Five challenges facing Android in 2015
While Android isn't a company like Apple or Microsoft, it is the most popular mobile platform out there, easily trumping iOS in terms of popularity. But the platform is under pressure, not only from Apple, but from other players such as Microsoft, as well as external challenges such as malware.
Here are five challenges that Android is going to face going into the New Year.
Updates and security
Earlier this year I wrote that Android fragmentation was turning the platform into a 'toxic hellstew of vulnerabilities." Nothing much has changed.
One of the problems that has allowed this hellstew to build up is the fact that many Android devices never see an update. Too many – hundreds of millions – Android devices are cut off from receiving vital system updates because those updates have to go through both the hardware makers and the carriers. The only way to guarantee receiving updates is to take the Nexus route, but these unlocked devices don't enjoy a carrier subsidy, and as such have an eye-watering price tag.
Something has to change. Either Google needs to get the hardware makers and carriers to streamline the update process or Google needs to take security updates out of their hands and deliver them direct to users.
Each year dozens of new Android smartphones and tablets are released, but have you noticed how there's little to differentiate between them? It feels like the PC market back in the early 2000s.
The devices look the same, feel the same, and essentially work the same. What differentiation there is mostly comes down to gimmicks – the pseudo-3D display on Amazon's Fire Phone comes to mind – that the market never asked for.
Wearables are set to explode in 2015, and this is an area where Android has potential to shine. But Android Wear devices that I've seen so far feel more like a tiny second screen for a smartphone rather than a device that offers something new or different.
And this is going to get worse.
What I predict will happen over 2015 is that Android hardware makers will flood the market with devices that are identical except for some styling and the brand name, and then there will be a price war that will stifle innovation further. All of which will result in wearables that fail to innovate because there won't be room in the market to support that.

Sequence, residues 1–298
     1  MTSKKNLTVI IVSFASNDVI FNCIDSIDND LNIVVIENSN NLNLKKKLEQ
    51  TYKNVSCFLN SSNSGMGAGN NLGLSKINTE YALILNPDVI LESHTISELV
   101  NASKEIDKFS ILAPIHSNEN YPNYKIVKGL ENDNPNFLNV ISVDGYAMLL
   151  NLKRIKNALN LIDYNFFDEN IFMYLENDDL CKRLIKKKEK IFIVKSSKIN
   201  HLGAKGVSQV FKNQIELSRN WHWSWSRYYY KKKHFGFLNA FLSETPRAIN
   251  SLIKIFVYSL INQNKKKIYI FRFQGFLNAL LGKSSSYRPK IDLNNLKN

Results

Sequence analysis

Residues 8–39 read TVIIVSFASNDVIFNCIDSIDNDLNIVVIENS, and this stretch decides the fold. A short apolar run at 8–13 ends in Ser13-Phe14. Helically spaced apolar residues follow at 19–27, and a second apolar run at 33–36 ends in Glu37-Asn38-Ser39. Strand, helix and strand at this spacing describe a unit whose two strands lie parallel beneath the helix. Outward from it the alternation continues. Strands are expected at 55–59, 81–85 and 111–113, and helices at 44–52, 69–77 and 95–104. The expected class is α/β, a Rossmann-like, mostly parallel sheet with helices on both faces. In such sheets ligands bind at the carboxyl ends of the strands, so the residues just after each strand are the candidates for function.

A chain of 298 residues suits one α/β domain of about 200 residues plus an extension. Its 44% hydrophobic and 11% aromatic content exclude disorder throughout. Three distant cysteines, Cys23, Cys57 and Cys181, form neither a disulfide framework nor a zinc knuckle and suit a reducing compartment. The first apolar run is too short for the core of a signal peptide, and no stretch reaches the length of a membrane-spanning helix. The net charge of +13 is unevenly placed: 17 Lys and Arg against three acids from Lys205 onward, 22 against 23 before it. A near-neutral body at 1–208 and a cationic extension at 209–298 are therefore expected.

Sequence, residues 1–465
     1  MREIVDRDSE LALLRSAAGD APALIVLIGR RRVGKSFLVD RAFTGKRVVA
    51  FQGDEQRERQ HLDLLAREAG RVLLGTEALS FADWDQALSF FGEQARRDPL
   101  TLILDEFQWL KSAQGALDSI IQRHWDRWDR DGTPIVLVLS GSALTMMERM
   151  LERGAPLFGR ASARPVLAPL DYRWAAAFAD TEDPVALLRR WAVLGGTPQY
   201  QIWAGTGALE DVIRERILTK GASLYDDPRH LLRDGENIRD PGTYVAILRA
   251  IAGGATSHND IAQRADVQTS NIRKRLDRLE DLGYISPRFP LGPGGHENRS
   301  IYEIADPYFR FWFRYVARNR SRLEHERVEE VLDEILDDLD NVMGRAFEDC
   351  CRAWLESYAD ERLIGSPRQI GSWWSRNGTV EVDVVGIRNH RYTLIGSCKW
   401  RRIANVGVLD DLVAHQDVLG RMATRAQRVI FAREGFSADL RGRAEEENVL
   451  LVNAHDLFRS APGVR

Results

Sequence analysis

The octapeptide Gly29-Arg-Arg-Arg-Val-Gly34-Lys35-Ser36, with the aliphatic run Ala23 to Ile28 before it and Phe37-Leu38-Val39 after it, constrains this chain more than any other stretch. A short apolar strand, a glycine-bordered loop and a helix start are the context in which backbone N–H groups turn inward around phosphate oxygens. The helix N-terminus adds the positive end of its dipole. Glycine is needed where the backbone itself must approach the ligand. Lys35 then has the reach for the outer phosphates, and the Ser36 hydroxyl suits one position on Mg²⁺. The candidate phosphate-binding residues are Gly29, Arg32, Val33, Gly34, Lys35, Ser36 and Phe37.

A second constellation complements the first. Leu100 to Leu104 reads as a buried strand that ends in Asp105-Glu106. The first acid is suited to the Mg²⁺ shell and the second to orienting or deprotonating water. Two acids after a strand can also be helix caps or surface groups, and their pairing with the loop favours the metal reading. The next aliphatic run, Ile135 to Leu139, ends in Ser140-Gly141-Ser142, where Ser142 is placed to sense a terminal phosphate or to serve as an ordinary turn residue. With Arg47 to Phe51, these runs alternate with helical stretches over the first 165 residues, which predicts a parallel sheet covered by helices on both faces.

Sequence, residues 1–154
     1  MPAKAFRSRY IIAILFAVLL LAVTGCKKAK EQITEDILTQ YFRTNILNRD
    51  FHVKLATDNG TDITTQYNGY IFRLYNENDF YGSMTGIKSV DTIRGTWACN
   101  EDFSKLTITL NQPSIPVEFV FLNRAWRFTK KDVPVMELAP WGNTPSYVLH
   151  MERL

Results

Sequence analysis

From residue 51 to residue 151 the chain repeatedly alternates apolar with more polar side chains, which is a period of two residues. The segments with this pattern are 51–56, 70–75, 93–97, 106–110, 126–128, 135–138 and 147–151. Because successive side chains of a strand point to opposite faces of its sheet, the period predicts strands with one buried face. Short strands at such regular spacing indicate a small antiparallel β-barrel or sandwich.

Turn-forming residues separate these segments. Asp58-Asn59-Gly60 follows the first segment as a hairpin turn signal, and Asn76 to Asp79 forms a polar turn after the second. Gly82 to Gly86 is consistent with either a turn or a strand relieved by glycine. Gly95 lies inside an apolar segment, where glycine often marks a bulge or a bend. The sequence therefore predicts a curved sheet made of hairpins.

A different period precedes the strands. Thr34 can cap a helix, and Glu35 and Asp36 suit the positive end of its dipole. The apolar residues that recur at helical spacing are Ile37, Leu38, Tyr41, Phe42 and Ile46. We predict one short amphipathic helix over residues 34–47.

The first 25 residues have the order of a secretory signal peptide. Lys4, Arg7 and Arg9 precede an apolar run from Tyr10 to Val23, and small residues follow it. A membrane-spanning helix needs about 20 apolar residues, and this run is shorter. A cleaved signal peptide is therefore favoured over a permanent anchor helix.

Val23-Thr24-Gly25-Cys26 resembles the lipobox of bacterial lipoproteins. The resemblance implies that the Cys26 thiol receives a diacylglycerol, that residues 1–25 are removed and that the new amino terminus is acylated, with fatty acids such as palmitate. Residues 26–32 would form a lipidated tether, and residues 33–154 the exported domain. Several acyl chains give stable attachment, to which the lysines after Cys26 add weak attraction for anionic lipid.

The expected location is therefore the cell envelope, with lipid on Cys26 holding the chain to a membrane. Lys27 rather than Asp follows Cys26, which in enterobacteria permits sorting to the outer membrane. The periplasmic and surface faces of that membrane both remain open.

Oh, and security needs to be bolstered, because it is seriously weak.
None of this bodes well for Android-powered wearables in 2015.
Losing the enterprise battle
With Apple and IBM announcing an alliance to put Apple mobile products with IBM software into the enterprise, this leaves Android in a position where it's being dealt out of the game. Sure, this is also bad news for Microsoft's mobile ambitions too, but Android is the platform taking the biggest hit from this.
Google needs to have a serious think about how this alliance came about, and how its mobile platform got left behind.
Android users don't want to spend money
iOS owners spend four times more than their Android counterparts do. There are a number of reasons why:
- Android is dominant in low-income territories.
- Users don't have credit cards and Google has been slow to adopt carrier billing.
- Android handsets are cheaper than iPhones, and so people who are willing spend more choose iPhone.
- Apple is offering something that users want and, as a result, users are willing to spend more.
- Developers are attracted to iOS because of increased revenue, and this means there's less for Android users to spend money on.
The bottom line is that Android users aren't as loose with the dollars as Apple users are. And this is a problem for Android as it tries to expand into new areas such as wearables and home automation.